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US Supreme Court rules farm sale income tax not dischargeable in bankruptcy

The federal income tax liability resulting from the sale of a farm after a Chapter 12 bankruptcy filing is not “incurred by the estate” under §503(b) of the Bankruptcy Code and thus is neither collectible nor dischargeable in the bankruptcy plan, the U.S. Supreme Court has ruled.

The case involved a family who owned a farm and filed for bankruptcy under Chapter 12, which allows family farmers and fisherman to petition for relief from debts.

The family then sold its farm for $960,000, and the profit resulted in a capital gains tax assessment of $29,000.

The Internal Revenue Service contended that the family must pay the tax because it was incurred by them, not the bankruptcy estate.

The family claimed that the tax was dischargeable as an “administrative expense” incurred by the bankruptcy estate.

The bankruptcy court agreed with the IRS, holding that filing for bankruptcy does not form a “separate taxable entity.”

A U.S. District Court reversed, finding for the family. But the 9th Circuit reversed again, ruling in the IRS’s favor.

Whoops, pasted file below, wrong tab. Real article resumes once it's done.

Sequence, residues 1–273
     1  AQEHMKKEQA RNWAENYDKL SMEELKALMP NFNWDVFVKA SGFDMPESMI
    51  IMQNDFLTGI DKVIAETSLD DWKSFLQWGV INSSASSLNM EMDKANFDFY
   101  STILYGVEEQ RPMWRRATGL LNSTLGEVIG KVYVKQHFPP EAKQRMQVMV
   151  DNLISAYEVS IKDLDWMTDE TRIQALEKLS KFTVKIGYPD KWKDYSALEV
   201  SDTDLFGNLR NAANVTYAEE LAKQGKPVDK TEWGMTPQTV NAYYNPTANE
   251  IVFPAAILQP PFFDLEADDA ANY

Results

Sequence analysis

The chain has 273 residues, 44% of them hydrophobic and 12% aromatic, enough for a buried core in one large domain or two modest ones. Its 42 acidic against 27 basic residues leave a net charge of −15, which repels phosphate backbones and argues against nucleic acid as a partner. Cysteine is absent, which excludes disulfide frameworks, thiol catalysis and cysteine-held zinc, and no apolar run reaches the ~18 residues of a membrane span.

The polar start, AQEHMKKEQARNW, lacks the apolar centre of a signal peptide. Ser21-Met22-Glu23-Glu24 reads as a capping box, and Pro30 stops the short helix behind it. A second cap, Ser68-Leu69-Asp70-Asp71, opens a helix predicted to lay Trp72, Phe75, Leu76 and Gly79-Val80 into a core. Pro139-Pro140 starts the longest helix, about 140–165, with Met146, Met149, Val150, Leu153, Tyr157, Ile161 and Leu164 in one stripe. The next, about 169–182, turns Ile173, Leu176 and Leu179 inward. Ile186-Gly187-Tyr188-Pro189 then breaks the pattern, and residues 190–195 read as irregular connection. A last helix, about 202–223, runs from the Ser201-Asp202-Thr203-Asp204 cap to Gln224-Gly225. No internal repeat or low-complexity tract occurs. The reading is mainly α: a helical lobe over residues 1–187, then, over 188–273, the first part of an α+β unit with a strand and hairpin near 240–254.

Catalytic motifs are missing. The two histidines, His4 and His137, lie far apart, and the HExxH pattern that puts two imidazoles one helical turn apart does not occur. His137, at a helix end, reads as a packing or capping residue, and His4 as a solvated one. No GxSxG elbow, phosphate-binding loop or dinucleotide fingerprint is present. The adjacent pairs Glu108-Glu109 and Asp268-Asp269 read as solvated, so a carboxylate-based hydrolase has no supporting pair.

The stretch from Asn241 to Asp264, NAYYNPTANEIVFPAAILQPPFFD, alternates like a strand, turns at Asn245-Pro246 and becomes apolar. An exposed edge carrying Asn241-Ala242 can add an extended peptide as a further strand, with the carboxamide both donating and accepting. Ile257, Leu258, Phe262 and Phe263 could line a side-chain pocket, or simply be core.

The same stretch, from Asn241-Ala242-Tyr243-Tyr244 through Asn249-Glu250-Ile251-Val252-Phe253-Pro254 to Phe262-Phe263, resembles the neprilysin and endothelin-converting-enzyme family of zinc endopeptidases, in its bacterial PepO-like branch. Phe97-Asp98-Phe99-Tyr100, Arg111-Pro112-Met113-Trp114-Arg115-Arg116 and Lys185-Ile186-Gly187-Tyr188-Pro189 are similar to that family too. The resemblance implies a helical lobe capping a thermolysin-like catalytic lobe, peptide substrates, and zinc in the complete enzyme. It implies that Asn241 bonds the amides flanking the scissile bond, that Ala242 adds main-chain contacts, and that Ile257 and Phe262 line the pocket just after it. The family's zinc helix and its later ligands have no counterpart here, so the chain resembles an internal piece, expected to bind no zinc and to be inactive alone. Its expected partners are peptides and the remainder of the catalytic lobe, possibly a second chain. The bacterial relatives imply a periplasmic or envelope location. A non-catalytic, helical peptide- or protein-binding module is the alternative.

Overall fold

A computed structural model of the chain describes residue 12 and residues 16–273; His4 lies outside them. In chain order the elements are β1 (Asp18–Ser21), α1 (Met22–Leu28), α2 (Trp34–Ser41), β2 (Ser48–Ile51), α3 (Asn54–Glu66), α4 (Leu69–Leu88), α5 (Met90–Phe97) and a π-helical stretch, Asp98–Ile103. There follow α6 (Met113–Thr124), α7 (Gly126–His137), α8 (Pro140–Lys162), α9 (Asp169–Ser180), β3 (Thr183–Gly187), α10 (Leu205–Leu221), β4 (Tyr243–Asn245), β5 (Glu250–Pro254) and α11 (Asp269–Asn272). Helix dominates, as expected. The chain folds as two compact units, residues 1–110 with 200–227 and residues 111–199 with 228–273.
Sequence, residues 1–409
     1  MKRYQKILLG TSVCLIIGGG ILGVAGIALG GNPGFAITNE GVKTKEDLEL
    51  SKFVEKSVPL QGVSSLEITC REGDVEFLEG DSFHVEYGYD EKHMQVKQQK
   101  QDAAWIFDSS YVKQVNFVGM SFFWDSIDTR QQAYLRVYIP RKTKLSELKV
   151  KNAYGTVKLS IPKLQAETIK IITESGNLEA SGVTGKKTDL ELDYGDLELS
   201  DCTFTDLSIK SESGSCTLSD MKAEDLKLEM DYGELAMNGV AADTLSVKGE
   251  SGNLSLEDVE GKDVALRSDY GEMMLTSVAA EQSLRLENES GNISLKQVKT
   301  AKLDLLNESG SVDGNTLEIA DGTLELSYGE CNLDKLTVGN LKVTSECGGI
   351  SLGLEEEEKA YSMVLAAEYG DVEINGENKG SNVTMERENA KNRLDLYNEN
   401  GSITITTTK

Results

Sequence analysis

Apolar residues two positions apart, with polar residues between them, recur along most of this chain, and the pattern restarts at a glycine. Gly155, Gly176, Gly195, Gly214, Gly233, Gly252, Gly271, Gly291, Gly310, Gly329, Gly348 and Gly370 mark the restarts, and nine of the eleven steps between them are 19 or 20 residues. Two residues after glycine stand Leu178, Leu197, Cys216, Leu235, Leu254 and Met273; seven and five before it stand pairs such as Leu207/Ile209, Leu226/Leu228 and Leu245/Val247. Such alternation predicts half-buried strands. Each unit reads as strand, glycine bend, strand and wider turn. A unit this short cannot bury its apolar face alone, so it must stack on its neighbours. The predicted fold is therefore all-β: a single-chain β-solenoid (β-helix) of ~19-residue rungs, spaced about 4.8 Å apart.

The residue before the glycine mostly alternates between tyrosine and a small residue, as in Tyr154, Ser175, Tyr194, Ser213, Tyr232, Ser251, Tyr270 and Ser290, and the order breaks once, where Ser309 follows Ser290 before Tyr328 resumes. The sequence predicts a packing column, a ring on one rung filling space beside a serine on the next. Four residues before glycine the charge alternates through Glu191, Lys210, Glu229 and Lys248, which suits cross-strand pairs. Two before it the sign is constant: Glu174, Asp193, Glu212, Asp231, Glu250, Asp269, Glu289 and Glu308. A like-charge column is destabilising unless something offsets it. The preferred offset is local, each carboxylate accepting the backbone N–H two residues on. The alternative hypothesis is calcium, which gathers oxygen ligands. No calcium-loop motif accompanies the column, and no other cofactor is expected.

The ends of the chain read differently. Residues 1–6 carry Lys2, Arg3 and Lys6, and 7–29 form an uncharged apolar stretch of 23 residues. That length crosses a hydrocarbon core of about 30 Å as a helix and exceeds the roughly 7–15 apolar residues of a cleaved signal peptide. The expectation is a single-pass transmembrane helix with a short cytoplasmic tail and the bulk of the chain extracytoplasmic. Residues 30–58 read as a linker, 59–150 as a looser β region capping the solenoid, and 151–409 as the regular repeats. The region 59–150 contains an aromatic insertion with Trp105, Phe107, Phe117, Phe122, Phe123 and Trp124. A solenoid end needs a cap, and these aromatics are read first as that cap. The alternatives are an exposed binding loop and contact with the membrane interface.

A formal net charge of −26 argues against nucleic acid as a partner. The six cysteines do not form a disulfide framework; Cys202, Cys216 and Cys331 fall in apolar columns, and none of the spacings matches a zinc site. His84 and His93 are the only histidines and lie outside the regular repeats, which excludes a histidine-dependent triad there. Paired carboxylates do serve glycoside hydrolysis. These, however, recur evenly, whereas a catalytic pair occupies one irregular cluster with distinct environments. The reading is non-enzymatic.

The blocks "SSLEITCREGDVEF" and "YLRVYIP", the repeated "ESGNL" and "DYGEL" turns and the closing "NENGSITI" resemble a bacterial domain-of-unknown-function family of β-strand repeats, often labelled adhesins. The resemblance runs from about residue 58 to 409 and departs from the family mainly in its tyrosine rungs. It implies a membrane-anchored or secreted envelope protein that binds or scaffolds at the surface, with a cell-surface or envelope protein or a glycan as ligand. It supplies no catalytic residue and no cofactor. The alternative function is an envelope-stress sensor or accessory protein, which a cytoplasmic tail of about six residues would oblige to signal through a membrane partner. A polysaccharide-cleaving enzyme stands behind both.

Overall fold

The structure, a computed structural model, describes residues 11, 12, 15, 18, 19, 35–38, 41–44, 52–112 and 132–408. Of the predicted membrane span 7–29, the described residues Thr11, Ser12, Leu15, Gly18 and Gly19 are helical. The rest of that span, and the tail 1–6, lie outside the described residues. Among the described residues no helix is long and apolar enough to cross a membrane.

The Supreme Court agreed to hear the case, and in a 5-4 ruling affirmed the 9th Circuit. Writing for the majority, Justice Sonia Sotomayor said the language of the Bankruptcy Code did not permit the tax liability to be dischargeable.

“[T]here may be compelling policy reasons for treating post-petition income tax liabilities as dischargeable. But if Congress intended that result, it did not so provide in the statute,” Sotomayor wrote. “Given the statute’s plain language, context, and structure, it is not for us to rewrite the statute, particularly in this complex terrain of interconnected provisions and exceptions enacted over nearly three decades.”

Justice Stephen Breyer wrote a dissent that was joined by Justices Anthony M. Kennedy, Ruth Bader Ginsburg and Elena Kagan.

U.S. Supreme Court. Hall v. U.S., No. 10-875.

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